CAMDEN, Maine — Readers can’t survive on e-books alone, says author Richard Russo.
Russo’s latest work, “Interventions,” is a tribute to the printed book, while taking a backhanded jab at electronic books and online bookselling.
“Interventions” is a collection of four separate volumes that are packaged in a slipcase, each work coming with a postcard-sized color print of a painting by Russo’s daughter, Kate. The collection, three short stories and a novella, is published on high-quality sustainably harvested paper.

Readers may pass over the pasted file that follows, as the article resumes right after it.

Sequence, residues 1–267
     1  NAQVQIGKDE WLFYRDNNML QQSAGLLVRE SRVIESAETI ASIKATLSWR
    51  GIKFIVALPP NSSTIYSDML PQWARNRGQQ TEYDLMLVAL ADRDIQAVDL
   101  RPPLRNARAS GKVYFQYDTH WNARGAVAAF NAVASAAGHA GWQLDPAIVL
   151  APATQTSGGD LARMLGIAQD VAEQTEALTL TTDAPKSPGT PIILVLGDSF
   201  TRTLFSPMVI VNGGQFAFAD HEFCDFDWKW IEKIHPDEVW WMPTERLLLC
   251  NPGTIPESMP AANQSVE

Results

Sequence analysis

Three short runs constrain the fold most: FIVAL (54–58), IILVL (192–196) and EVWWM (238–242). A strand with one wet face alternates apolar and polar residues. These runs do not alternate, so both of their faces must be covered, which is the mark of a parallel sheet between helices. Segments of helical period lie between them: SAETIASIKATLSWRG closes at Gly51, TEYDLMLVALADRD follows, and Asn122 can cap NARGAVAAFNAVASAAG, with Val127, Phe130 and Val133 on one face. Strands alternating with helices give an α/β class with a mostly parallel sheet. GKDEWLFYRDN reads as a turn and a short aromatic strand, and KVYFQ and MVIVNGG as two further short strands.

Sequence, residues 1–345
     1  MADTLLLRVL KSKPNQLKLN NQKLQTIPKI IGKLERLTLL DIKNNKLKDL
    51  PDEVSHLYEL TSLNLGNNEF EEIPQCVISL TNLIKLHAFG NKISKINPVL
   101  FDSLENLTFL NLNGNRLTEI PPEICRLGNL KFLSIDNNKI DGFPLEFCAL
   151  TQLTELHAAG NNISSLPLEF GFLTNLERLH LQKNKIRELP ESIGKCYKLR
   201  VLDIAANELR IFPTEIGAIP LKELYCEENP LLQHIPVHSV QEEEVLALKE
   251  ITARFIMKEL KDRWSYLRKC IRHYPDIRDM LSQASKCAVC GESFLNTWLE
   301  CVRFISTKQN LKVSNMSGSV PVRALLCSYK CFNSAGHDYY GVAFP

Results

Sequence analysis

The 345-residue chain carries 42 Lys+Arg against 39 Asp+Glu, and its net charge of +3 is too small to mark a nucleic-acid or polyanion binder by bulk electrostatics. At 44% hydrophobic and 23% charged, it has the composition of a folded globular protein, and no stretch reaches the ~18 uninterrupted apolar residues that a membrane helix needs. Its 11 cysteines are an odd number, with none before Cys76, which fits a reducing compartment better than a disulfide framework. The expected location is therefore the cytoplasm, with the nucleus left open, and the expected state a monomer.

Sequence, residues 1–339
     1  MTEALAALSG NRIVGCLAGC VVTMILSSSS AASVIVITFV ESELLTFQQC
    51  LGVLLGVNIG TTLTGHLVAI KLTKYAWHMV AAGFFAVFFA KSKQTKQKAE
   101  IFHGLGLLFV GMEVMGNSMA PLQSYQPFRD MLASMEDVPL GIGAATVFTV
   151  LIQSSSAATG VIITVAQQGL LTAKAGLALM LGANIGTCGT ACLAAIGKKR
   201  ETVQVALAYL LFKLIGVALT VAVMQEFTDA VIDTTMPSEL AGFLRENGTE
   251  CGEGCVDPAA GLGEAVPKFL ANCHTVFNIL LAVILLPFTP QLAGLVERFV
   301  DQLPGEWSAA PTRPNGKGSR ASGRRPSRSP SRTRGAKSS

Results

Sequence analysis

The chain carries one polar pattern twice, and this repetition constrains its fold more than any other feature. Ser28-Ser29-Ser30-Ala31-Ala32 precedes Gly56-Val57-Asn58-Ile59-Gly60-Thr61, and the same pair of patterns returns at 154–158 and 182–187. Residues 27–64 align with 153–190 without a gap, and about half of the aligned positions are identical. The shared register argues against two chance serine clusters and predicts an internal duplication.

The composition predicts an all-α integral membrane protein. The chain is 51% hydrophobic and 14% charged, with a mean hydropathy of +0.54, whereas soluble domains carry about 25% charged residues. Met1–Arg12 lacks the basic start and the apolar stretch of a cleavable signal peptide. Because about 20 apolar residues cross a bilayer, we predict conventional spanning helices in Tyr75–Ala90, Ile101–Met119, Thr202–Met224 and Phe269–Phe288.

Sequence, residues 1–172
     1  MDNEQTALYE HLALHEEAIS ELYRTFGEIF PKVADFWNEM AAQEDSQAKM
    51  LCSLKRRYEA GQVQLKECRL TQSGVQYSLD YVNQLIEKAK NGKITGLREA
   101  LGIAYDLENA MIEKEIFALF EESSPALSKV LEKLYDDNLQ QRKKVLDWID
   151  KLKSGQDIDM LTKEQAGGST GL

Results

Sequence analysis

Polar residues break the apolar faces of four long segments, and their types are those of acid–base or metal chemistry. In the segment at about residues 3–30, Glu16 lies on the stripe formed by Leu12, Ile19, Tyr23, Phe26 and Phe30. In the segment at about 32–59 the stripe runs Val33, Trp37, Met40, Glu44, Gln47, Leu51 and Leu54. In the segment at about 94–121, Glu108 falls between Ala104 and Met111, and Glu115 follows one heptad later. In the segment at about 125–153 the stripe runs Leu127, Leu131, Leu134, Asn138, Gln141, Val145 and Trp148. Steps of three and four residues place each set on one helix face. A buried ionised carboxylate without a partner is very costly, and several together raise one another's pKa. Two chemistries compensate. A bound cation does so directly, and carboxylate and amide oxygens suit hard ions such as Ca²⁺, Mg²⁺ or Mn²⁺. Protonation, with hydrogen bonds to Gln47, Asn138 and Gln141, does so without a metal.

And in this age when e-book sales are booming, it’s not for sale in electronic version.
“Interventions” is a celebration of printed books and independent bookstores, Russo said in an interview in his home in this Maine coastal town. The rapid rise of e-books and online sales of printed books pose threats to bookstores, the book publishing industry and the rise of new authors, he said.